Review: The Bourne Legacy

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If you haven’t seen the previous entries in the Bourne film series, don’t see The Bourne Legacy. If you have….

Well, don’t see The Bourne Legacy.

If you’re new to the franchise, well, suffice to say the film is pretty incomprehensible. Without a working knowledge of Treadstone et al, or at least an awareness of their existence, this film is a confusing mush of exposition and jargon. Even as a fan of the original series, I found it extremely hard to keep up, and newbies would find it hard to tell what was intended to be explained later in Legacy, and what we were assumed to know from previous films.

If you have seen the previous films, well, let’s just say that will negatively influence your opinion of Legacy .Unlike the frenetic earlier entries, this film takes a good half hour before a single frame of action occurs (save some mountain climbing), and seems full of missed opportunities. Once it does get underway, it’s a reasonably enjoyable romp, but nothing special; Taylor Lautner’s Abduction is more innovative. In particular, it’s depressing how these sort of films now seem obliged to include some kind of ‘par kour on corrugated rooftops’ sequence, even after it was so superbly parodied in Johnny English: Reborn.

As the film reaches its conclusion, the plot fizzles out; the super-bad amoral agent sent to attack our heroes is kicked off his bike by Rachel Weisz, denying the audience the super-assassin fistfight that would have been a great setpiece. So much is unresolved; Jeremy Renner never confronts (or even meets) Edward Norton’s antagonist, and the implied past between them is not expanded upon. Just as things seem to be approaching an exciting climax, the film ends without any cathartic release. Weisz and Renner have just outrun their CIA overlords for the time being, but seem to be treating it as a fun holiday. No doubt this is to leave plans open for a sequel, but it felt more like someone just got bored writing the script and went home. Can’t blame them, really.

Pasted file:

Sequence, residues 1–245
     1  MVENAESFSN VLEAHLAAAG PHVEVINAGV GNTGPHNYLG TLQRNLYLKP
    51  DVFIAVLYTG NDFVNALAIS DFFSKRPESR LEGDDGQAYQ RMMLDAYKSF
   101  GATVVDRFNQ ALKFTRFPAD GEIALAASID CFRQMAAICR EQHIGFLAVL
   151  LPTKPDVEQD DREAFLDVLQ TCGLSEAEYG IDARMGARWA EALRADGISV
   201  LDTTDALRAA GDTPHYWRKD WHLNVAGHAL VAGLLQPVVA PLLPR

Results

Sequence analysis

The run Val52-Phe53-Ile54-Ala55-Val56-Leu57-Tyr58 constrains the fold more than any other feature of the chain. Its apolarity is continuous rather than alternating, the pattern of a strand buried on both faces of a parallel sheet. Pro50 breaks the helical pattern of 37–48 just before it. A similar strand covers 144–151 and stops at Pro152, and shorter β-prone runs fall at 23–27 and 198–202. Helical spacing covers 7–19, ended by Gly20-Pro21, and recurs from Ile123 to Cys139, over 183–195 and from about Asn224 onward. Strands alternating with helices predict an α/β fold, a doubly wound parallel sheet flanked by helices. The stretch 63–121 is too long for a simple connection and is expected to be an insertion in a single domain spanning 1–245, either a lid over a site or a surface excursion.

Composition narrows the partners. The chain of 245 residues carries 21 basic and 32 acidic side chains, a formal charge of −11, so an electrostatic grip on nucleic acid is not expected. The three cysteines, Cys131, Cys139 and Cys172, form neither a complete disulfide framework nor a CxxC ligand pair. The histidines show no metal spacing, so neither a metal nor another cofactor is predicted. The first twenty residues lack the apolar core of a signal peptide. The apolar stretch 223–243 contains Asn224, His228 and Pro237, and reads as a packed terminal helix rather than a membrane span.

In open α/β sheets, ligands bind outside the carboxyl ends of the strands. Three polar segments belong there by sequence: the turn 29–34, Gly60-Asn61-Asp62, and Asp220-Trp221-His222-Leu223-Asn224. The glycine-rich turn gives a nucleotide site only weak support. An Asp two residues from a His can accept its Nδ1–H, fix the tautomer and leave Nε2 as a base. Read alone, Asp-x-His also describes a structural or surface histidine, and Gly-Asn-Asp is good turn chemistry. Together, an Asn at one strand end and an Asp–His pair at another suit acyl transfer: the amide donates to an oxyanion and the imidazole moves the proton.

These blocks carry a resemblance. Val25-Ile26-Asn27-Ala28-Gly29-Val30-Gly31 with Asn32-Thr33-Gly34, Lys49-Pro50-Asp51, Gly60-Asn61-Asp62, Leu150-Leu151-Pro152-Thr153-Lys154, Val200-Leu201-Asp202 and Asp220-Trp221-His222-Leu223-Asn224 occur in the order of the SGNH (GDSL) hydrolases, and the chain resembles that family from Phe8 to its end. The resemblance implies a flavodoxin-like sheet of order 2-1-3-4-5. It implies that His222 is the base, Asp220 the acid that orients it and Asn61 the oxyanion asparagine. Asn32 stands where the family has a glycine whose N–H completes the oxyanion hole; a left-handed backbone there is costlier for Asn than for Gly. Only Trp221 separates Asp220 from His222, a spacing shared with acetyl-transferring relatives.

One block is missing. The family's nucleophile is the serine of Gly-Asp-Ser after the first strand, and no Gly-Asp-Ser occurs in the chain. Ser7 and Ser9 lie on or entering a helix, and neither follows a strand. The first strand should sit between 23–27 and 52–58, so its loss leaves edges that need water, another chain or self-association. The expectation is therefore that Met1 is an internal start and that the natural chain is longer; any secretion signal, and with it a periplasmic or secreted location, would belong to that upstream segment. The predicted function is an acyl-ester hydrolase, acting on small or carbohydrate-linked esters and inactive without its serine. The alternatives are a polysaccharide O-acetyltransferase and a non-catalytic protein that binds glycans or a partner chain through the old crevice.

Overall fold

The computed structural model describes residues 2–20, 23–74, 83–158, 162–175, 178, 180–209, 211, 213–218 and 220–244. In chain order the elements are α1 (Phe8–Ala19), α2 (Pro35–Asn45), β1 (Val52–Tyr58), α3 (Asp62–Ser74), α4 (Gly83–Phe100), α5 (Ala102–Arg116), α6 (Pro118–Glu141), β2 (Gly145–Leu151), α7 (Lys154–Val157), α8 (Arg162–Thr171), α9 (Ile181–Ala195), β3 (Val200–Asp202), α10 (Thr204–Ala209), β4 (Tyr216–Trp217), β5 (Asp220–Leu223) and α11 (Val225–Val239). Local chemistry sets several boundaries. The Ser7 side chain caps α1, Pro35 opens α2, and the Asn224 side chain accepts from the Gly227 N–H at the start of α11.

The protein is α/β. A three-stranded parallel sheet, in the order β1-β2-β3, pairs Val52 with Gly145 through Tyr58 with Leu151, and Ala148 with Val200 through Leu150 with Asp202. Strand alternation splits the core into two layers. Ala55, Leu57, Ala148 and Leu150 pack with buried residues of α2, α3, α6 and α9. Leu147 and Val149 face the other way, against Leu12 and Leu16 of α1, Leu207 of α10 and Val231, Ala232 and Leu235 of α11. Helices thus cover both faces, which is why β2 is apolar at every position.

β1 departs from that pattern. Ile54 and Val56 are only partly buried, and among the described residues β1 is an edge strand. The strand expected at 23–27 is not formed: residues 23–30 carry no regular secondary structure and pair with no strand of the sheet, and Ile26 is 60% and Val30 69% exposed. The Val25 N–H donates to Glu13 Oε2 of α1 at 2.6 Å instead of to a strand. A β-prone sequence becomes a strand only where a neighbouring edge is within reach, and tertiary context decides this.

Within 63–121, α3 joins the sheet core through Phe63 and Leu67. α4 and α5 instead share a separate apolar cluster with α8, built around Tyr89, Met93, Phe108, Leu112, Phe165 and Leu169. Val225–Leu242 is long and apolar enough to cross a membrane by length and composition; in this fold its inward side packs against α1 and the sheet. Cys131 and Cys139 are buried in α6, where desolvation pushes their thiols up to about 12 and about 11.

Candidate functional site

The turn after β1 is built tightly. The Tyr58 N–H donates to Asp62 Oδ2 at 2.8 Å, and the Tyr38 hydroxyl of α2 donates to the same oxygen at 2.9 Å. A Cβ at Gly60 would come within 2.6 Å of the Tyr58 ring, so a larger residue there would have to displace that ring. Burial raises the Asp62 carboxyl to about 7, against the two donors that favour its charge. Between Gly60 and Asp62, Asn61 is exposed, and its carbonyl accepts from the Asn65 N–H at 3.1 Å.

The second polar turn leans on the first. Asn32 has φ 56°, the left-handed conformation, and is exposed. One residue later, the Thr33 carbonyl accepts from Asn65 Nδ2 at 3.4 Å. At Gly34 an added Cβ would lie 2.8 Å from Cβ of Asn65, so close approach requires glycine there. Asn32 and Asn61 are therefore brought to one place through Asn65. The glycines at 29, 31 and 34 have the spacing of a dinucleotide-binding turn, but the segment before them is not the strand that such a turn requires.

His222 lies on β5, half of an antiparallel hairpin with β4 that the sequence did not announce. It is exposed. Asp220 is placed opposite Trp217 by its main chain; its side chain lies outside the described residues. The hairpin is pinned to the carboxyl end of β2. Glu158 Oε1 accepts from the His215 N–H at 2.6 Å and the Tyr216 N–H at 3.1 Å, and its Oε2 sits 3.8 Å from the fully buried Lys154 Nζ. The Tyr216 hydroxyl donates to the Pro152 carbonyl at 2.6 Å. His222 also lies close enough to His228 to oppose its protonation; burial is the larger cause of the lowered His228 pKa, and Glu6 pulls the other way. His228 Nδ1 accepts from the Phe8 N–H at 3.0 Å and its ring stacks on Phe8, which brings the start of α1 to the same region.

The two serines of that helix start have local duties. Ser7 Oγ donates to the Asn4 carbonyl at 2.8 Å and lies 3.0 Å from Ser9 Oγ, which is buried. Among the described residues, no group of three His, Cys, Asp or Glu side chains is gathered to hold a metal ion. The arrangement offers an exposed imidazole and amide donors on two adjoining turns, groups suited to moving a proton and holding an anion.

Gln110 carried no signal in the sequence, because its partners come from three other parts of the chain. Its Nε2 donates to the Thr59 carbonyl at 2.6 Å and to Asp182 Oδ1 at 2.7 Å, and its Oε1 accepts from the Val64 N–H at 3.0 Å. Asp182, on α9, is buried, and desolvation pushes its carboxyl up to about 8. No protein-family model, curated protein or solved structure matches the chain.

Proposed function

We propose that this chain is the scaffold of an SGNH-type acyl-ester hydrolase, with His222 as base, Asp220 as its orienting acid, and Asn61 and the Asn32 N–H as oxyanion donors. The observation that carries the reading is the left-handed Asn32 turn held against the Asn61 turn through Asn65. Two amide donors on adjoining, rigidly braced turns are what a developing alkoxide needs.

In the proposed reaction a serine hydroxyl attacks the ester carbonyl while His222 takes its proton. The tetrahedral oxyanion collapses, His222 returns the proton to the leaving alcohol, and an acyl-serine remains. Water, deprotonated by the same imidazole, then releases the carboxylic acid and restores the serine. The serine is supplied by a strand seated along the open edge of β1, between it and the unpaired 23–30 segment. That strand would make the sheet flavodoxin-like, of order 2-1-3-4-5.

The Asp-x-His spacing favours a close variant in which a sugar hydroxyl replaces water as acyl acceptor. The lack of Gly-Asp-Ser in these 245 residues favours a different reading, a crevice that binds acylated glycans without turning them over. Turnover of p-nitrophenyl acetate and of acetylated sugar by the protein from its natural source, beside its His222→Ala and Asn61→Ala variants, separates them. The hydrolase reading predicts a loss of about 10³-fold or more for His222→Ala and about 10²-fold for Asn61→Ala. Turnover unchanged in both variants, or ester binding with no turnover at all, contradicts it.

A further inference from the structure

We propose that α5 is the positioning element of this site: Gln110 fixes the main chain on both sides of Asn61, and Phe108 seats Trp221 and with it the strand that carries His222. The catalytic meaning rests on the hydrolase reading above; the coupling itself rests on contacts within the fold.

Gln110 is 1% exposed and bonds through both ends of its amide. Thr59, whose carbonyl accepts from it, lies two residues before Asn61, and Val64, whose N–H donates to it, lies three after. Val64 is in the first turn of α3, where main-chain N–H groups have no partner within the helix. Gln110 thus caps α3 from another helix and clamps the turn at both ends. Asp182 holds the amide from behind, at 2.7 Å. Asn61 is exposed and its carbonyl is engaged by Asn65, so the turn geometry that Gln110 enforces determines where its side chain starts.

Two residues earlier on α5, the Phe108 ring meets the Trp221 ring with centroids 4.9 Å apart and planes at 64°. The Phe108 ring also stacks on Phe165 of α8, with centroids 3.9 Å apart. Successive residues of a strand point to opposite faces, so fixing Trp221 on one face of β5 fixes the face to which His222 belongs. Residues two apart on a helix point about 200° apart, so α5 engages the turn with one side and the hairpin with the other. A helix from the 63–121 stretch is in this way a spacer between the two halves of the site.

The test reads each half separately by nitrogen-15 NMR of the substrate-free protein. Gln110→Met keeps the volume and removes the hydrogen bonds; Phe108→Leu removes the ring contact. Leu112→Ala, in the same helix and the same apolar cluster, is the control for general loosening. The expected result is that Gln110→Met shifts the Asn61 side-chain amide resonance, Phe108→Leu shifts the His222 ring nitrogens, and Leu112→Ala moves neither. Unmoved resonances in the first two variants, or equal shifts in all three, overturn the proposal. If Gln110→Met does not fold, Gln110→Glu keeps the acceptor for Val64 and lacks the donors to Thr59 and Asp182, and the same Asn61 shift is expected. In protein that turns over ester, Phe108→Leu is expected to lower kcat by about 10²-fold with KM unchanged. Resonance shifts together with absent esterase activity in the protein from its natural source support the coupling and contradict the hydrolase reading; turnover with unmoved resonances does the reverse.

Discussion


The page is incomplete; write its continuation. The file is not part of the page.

So, to sum up; if you like the Bourne films, this is disappointing. If you don’t know them, it’s unforgiving. But that’s not to say that this film’s for nobody; I’m not that harsh. If you actively dislike the Bourne franchise, and wish to masochistically attack your own memories of it, then, well this is the film for you. Five stars.

For everybody else, though…

1 AND A HALF STARS

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